[ - The same August day on which I had given a farewell party in Haslingfield and invited Isla and Graham and others to watch the last eclipse of the millennium. It should be visible with sufficient completeness in the environs of Cambridge, and I couldn’t be bothered to go to the 100 percent zone amidst all the crowds of eclipse-watchers and tourists.
Graham had brought some thermometers with him from the department and just for the fun of it we also put tape recorders in the bird bushes. Both the thermometers and the tape devices were on timers, but this did not even pretend to have anything to do with scientific monitoring of the drop in temperature or the changes in the singing of the birds, but was connected with our program of eating and drinking, as if we were watching the FA cup final on television while at the same time taking a beer.
Through a thinning layer of clouds we could see the small black disc of the sun through binoculars fixed to the camera tripod , and did not even need to shield the lenses with exposed black and white film, as by now the clouds provided sufficient protection. Now and again we watched on TV as the great dark wall came from the Atlantic as swiftly as an aeroplane, staining the horizon with orange and pink tints.
Graham was at his best, he liked this kind of thing. When the minutes of the eclipse were over, he immediately wanted to run the temperature curves through the computer, and in the afternoon he rewound the tapes and using a stopwatch listened to find out if there had been any lessening in the singing of the thrushes or the cooing of the pigeons at the moment of the deepest darkness.
As host, I saw to it that there was enough food and drink on the living room table, and in the evening danced in the yard with Isla and Sarah Ong.
Then, the next morning, Haslingfield’s little eclipse party was over, we drank a last toast to the next time a dark sun would hit the neighbourhood, in 2090, ninety-one years from now, and we could have drunk a lot more in celebration of that. I was due to return home in two days’ time, everything seemed a bit foreign, as though it were past or lost.]
In his notebook my brother said it had begun to seem important that the start of the qualifying process for the Halley contest had gone the way that it had. It must mean something, Graham had even said, though normally he would not be caught dead straying into the grey area of pre-determination.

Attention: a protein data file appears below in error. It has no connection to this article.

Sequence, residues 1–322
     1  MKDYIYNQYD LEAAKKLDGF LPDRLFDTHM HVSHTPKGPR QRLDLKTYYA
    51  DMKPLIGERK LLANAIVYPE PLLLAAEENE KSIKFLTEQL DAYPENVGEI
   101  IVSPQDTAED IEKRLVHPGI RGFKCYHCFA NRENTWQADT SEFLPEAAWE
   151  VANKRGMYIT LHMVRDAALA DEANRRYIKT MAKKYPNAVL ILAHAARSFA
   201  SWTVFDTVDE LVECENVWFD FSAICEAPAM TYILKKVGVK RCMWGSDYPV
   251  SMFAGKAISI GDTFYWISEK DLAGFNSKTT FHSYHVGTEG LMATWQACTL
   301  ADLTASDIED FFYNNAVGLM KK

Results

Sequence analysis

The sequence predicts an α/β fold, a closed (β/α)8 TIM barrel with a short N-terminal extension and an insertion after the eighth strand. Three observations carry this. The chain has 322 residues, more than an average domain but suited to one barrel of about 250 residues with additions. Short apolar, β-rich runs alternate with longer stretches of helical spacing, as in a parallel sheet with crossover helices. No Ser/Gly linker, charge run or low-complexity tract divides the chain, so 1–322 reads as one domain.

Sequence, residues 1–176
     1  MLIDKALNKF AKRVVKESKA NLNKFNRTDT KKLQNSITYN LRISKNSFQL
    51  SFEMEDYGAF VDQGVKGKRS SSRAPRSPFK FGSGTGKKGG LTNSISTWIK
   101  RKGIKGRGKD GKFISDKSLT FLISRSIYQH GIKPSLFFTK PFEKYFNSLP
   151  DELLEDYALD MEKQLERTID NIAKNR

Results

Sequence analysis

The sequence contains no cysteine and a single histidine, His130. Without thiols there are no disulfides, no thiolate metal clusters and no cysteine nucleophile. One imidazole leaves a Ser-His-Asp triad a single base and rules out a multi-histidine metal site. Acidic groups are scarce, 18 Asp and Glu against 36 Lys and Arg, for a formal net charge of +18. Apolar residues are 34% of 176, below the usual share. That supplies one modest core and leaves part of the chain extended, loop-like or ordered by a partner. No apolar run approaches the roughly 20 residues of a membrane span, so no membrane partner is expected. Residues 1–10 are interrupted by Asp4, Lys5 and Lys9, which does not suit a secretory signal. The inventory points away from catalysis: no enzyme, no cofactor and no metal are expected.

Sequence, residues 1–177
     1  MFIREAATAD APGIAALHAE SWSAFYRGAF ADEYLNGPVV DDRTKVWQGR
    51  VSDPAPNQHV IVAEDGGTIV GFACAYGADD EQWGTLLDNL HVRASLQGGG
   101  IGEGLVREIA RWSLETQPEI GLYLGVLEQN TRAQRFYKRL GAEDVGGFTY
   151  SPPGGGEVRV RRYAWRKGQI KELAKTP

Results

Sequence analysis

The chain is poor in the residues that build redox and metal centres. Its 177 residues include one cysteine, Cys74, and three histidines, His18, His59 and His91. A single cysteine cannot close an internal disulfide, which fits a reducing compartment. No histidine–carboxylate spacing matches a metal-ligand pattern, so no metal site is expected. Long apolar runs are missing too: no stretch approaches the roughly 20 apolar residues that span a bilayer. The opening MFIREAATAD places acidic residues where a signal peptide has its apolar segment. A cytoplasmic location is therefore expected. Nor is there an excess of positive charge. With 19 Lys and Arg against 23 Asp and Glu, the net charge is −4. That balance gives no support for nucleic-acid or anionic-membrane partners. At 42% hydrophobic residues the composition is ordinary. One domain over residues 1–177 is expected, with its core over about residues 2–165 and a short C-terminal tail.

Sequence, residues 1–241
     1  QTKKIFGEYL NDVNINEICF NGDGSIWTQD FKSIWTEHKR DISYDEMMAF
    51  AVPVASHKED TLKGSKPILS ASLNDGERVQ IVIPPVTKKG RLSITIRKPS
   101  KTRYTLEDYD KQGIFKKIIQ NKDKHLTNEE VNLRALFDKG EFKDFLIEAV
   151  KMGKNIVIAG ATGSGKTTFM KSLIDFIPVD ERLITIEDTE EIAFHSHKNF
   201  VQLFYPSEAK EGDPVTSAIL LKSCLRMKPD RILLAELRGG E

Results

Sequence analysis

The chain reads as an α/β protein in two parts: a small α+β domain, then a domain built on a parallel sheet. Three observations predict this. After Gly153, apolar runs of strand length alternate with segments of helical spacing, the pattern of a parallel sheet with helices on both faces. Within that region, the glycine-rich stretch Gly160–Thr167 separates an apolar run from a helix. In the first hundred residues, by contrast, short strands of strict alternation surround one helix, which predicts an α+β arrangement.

[We didn’t discuss the contest any more that night. Graham went off to bed. Isla and I had mugs of tea and a little whiskey. If one squeezes the juice of a lemon slice in black tea, the bottom of the mug becomes clearly visible.
When Graham had gone upstairs, Isla asked what I really thought about the plan and the idea of going to take part in the competition. My only reply was that I had come when I was asked, and it suited me. And that it was nice to see them both again after such a long time, that was probably the main reason why I’d come.
None of this makes any sense, Isla said, and began to laugh; then covered her mouth.
This was a habit she had also had before. Educated at home and at quiet, expensive schools. It was all right to smile but one should not laugh so one’s teeth were exposed, that was how uncivilized people and Americans laughed. Isla had sometimes talked about her two elite schools that winter when Graham was in Boston.
Isla went away to fetch more blankets from the clothes cupboard. I finished my tea and whiskey, looked at the small familiar objects in the living room, and felt that the old days were continuing but that there was now something else as well. The seasons pile up, layer upon layer. When one remembers one remembers a heap of pages, the holes in them always burn differently and different pieces become visible for a moment.
We made up a bed for me in the study, and then Isla went upstairs and whispered good night.
The study was small and chilly, the warmth from the fire in the living room did not penetrate much through the door. A large, draughty window looked onto the sea. In the darkness one could see nothing but a single, rarely twinkling light, perhaps from the lighthouse or beacon I had seen in the mouth of Killary Harbour, it was a warning of a reef or a signpost for ships. I put both of the spare blankets on top of me and from the depths of my bed I looked at the window and the rare twinkling of the beacon, which at first seemed irregular but the longer I stared the more its flashing acquired a rhythm that made it possible to discern the sea in the darkness.
Just before I fell asleep I found myself thinking about the Invincible Armada, the lost vessels of which had perhaps once been driven onto these same rocky shores of the western coast in a storm and been wrecked as the Atlantic smashed them into driftwood, piece by piece, not much more than four hundred years ago, less than the age of the bogwood, a very short time, everything is almost side by side.]
translated from Finnish by David McDuff
Olli Jalonen - 14 Knots to Greenwich
Olli Jalonen - 14 Knots to Greenwich - 2